At times, emotions can even be a contribution to “critical thinking”: If you just met someone, talked with them for a while, left, and felt upset, then you just, fully unconsciously, got a signal, detection, symptom that there was something wrong with that person and a warning to be careful and maybe stay away.

    Good art can teach about the deeper, more fundamental, more important emotions of many people. E.g., R. Wagner understood a lot about emotions, understood so well that he was able to put just black marks on white paper that decades later good musicians can play and, then, communicate those emotions to others.

    E.g., at one point in his opera Die Walküre, Wotan has to say farewell to the daughter he deeply loves. So, there is a really good performance at

    Well, at one point when I was 15, likely from an awful misunderstanding from some terribly poor communications from some horrible fears to communicate, all from some really bad pop culture nonsense and data and for no good reasons at all, I had to walk away from a girl of 13, see her high school graduation picture below (she was prettier when she was 13, the prettiest female I ever saw in person or otherwise, sweet, adorable, an angel, as I better understand now, likely very afraid) that I was very much in love with, and still am.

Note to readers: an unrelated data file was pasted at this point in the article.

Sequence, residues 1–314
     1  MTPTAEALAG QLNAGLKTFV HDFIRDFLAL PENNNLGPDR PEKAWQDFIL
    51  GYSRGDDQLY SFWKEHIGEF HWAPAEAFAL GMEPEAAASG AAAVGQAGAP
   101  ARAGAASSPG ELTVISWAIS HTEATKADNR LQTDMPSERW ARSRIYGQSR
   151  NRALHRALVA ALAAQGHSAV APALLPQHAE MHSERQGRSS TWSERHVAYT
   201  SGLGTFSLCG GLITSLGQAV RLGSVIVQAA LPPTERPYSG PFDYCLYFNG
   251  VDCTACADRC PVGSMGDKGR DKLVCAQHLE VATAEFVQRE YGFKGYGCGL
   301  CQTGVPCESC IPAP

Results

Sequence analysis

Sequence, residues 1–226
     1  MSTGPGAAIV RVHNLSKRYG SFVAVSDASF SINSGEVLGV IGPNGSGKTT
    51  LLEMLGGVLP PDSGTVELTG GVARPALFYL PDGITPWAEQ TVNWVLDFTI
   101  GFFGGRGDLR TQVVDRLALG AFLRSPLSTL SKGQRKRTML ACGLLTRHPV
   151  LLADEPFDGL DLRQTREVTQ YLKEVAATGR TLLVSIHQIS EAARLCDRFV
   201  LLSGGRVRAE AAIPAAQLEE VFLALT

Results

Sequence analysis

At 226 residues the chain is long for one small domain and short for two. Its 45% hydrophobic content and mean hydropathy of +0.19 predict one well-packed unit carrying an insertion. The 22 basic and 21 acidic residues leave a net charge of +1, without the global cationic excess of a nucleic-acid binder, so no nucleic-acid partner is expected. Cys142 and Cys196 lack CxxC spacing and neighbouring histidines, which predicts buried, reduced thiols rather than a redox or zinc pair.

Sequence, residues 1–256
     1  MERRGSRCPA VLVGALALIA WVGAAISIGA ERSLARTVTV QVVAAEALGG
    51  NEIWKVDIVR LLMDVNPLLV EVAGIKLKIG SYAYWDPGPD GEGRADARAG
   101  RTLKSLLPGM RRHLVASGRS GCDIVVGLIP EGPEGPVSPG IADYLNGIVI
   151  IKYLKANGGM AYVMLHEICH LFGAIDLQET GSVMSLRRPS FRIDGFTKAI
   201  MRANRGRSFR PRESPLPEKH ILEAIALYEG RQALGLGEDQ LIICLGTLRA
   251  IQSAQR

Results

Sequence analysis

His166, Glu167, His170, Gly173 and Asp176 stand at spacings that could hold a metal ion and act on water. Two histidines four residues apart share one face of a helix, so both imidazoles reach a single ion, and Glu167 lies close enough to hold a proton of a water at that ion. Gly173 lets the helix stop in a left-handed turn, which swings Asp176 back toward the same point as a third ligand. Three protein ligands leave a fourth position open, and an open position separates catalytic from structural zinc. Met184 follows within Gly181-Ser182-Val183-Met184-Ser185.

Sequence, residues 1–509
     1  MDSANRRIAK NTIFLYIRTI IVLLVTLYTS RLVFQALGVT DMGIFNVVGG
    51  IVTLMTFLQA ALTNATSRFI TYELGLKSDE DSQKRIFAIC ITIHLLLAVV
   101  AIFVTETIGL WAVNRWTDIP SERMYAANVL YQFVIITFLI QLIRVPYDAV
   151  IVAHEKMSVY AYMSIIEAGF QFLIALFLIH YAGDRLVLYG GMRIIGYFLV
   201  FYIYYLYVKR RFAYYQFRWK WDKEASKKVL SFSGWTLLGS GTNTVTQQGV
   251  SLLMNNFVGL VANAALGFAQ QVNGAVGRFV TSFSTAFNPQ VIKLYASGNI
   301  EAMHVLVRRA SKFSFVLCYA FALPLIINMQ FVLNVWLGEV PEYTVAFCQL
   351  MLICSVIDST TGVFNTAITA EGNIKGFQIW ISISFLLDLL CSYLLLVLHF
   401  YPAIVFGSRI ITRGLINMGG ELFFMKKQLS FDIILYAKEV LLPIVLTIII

Emotional lesson: That kind of love never ends.

    So, commonly when I hear Wagner’s music about Wotan’s farewell, the music so closely represents my feelings of my catastrophe that day when I was 15 that I scream out in agony.

    Wagner was good at understanding emotions. Apparently he guessed, and correctly, that enough people in his audiences had had such bad cases of farewells that his music would effectively communicate a common, strong emotion.

    So, why does a person pay attention to such art? One reason, to get evidence that such bad stuff is part of what in life happens to nearly everyone and, thus, is not unusual or particular to the person listening. Then the listener feels better about the pains of their farewells.

    • .
      First, is there data?

      If there is data, then use it.

      Does it reflect some identifiable norm, such as mirroring the distribution within the population?

      Is it balanced within some norm – such as race, gender.

      Do not fall prey to making perfect the enemy of good enough to make a better decision rather than resorting to one’s feelings.